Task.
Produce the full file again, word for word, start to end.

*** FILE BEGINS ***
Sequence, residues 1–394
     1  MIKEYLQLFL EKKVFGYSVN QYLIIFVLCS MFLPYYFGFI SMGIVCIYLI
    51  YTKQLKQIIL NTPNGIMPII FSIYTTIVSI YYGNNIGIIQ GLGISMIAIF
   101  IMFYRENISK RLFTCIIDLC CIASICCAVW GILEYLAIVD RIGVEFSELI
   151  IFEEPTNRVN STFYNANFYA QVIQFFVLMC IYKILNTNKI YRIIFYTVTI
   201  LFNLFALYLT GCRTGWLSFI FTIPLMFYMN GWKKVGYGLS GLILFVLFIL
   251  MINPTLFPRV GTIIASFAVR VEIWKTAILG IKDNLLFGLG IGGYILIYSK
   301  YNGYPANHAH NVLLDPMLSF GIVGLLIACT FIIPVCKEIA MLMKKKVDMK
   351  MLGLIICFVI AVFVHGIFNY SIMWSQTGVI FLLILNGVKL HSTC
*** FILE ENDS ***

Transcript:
Sequence, residues 1–394
     1  MIKEYLQLFL EKKVFGYSVN QYLIIFVLCS MFLPYYFGFI SMGIVCIYLI
    51  YTKQLKQIIL NTPNGIMPII FSIYTTIVSI YYGNNIGIIQ GLGISMIAIF
   101  IMFYRENISK RLFTCIIDLC CIASICCAVW GILEYLAIVD RIGVEFSELI
   151  IFEEPTNRVN STFYNANFYA QVIQFFVLMC IYKILNTNKI YRIIFYTVTI
   201  LFNLFALYLT GCRTGWLSFI FTIPLMFYMN GWKKVGYGLS GLILFVLFIL
   251  MINPTLFPRV GTIIASFAVR VEIWKTAILG IKDNLLFGLG IGGYILIYSK
   301  YNGYPANHAH NVLLDPMLSF GIVGLLIACT FIIPVCKEIA MLMKKKVDMK
   351  MLGLIICFVI AVFVHGIFNY SIMWSQTGVI FLLILNGVKL HSTC